51 thoughts on “Trump University”

    1. Con-man Donnie!

      (The software says “a bit too short”, but what does software know? I think this sums him up perfectly.)

  1. No. Businesses are in court all the time.

    Schneiderman alleges that Trump and others lied to students about the caliber of instructors employed at Trump University and used “bait-and-switch” tactics to scam them out of tens of thousands of tuition dollars.

    Is there any public or private university in the US that we couldn’t sue on that basis? ^_^

    1. Probably so, but he’s an egregious kind of guy. 😀

      So when he says he’ll use cheap commercial launch providers to put a Trump Hotel and Casino in orbit and run an astronaut school there, think before you invest. There’s a chance the attempt will end in bankruptcy.

      There’s also a good chance that Cruz would manage to stuff the installation with Cruz supporters who would choose him as commander/mayor of Trump Orbital Enterprises, Inc., then reflag it as a Canadian spacecraft and use off-the-book loans from Goldman Sachs as a source of operating funds with accounts held in the Cayman Islands.

      1. There’s also a good chance that Cruz would manage to stuff the installation with Cruz supporters who would choose him as commander/mayor of Trump Orbital Enterprises, Inc., then reflag it as a Canadian spacecraft and use off-the-book loans from Goldman Sachs as a source of operating funds with accounts held in the Cayman Islands.

        Wow . . . just wow.

    2. Businesses are one thing; candidates for the US Presidency is another.

      The perception is what counts and the more sleaze that adheres to a candidate the more limited is their appeal. Doesn’t matter if it was done in a business environment.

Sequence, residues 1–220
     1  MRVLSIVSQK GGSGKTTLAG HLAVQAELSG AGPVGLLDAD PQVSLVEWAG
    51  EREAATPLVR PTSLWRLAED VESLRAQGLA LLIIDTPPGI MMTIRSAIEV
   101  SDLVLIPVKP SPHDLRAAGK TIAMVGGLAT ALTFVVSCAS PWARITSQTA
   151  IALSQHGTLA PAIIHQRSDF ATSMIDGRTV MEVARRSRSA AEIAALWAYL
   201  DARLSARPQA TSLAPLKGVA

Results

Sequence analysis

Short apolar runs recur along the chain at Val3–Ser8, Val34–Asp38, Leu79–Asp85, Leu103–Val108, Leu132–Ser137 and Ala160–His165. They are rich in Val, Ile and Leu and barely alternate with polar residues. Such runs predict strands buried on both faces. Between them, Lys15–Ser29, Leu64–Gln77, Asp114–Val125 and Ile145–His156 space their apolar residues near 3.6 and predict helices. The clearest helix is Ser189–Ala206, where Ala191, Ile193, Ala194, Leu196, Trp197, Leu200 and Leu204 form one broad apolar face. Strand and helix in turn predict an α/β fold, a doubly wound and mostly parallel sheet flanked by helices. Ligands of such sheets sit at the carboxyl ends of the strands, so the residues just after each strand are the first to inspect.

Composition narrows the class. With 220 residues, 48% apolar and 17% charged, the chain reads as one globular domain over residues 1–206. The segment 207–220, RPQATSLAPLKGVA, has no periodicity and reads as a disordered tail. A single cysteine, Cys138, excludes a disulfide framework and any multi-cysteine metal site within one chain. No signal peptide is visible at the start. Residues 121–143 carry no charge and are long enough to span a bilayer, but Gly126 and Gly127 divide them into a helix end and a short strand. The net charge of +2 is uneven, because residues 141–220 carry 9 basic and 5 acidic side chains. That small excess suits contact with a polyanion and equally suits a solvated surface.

2. I took his Entrepreneurship class from Trump U and was pleased. Was invited to join the suit and declined.

    BTW, “Kern invited Trump’s lawyers to submit a formal paper detailing why their client is entitled to a trial by jury.” Isn’t that a Constitutional right?

  3. No legs. Thank you for playing.

    Do ya have any idea the percentage of new businesses that fail?

    1. He didn’t just win, he won over half the votes in each contest, beating Cruz and Kasich combined.

      Still, Cruz will probably pick up the most delegates. That’s just how it works.

          1. You’ve restored my faith Rand… Trump is kind of an old guy after all (although you and I aren’t that far behind.)

        1. So what is it, Rand, that Mr. Trump is an alleged fraud or that Mr. Trump is an alleged Northeastern-RINO-squish?

          Both, you say?

          If you are going to work-the-angle regarding the alleged fraud, I guess you could say “I see where you guys like where Mr. Trump wants to take us, but you are making a big mistake on account of the guy, and here are much better alternative candidates.”

          If you are going to work the squish angle, Mr. Trump combines squish, which you and many regard as a sell-out of principle, with what I will charitably call immigration and free-trade skepticism. If you go that direction, you venture into disrespecting the people voting for the guy.